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The photography of Wolfgang Tillmans is marked by his effortless slide between what, in the past, we might have termed “high and low culture” – between the gallery and the flyposter, the monograph and the magazine. In his latest show, currently at the Tate Modern until 11 June, there’s a room devoted to the cheap end of his work: tables displaying the pop culture ephemera of flyers, posters and magazines dating back 25 years, mostly focused on youth culture, club nights and fashion.

This was where I first encountered the work of Tillmans, as a teenager in the 1990s – laid out in high-gloss magazines on my bed, tucked up in a small bungalow on the damp and mulchy outskirts of a northern English town. They were gay lifestyle magazines I’d maybe stolen but, I think, probably openly bought from WH Smith on the high street in an act of self-realisation.

The content of magazines like Attitude was, to me, unbelievably pornographic; not in their depictions of the male body, but in their representation of a confident gay male culture, where not only did people appear happy but casual in that happiness. To see gayness as friendship accompanied by cheap, joyful music was the reverse of the humiliation I understood as my gayness and it genuinely shook my core.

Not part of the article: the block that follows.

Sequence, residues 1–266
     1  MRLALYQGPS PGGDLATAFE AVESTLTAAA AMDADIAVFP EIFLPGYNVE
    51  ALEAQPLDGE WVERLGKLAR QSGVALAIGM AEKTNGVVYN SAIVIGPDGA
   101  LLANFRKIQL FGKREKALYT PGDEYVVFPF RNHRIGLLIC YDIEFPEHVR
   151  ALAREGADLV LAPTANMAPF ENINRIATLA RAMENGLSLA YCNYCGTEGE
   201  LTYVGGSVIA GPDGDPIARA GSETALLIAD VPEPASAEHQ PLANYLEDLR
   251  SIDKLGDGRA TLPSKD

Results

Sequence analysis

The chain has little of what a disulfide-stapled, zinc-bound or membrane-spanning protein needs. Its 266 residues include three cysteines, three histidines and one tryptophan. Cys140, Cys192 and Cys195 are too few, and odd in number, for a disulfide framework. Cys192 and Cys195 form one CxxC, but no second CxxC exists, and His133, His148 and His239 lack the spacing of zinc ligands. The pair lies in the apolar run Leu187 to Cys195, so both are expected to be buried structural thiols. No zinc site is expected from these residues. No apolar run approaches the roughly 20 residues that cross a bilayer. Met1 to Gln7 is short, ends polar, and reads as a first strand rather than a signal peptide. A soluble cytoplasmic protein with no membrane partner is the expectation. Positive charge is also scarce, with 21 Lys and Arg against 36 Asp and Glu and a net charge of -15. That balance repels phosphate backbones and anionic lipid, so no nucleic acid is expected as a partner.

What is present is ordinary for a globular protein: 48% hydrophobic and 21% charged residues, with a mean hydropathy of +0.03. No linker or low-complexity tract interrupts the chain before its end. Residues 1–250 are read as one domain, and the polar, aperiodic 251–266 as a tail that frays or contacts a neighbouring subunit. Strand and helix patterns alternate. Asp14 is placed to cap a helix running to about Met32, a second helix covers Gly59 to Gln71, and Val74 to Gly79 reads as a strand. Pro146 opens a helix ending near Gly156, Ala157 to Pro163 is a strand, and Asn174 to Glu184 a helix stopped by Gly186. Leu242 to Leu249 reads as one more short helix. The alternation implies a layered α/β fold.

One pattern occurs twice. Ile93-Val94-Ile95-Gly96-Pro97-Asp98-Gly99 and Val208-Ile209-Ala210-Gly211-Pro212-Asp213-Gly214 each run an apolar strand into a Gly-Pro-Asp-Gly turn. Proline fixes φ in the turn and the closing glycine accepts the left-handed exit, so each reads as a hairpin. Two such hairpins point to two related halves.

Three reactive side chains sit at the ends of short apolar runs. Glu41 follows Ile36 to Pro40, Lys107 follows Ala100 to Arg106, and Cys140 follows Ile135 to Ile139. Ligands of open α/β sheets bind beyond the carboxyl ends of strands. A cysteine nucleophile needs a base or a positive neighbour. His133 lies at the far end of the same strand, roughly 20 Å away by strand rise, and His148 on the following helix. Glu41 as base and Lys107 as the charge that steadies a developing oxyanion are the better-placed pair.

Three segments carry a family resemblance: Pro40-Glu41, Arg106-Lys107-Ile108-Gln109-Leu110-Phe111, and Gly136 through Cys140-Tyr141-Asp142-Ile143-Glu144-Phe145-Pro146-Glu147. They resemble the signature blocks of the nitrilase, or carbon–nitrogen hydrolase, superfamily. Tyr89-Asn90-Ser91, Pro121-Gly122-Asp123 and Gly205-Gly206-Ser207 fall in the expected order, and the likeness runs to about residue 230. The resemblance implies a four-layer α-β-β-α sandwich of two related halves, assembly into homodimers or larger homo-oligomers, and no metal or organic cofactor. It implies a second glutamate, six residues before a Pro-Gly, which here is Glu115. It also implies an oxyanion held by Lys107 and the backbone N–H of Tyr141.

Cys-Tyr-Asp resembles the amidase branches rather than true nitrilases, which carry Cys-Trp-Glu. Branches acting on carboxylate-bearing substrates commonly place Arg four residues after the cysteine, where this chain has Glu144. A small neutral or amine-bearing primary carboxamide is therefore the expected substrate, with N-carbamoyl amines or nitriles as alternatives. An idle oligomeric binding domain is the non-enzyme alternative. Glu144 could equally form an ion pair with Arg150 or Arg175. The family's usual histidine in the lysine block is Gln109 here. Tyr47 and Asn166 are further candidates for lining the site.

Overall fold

Tillmans’ photos always sat apart in these pages. Other shoots had a mediated veneer: the boys looked straight at you, or held their bodies in such a way that you were always extremely aware of the presence of the camera. In Tillmans’ work, though, I watched gay friendships and love affairs of an unplaceable nature. You were watching from within a society, a conspiracy of lovers. And the bodies were different, too. Scarred, dirty, alive, hairy, unlike the clean white twinks on the surrounding pages. The normal photoshoots aroused me. Tillmans gave me another, more difficult sensation: an anxiety beginning in the diaphragm, shooting up to the heart and down to the gut at the same time. The dirty democracy of these real people felt more out of reach than the airbrushed torsos.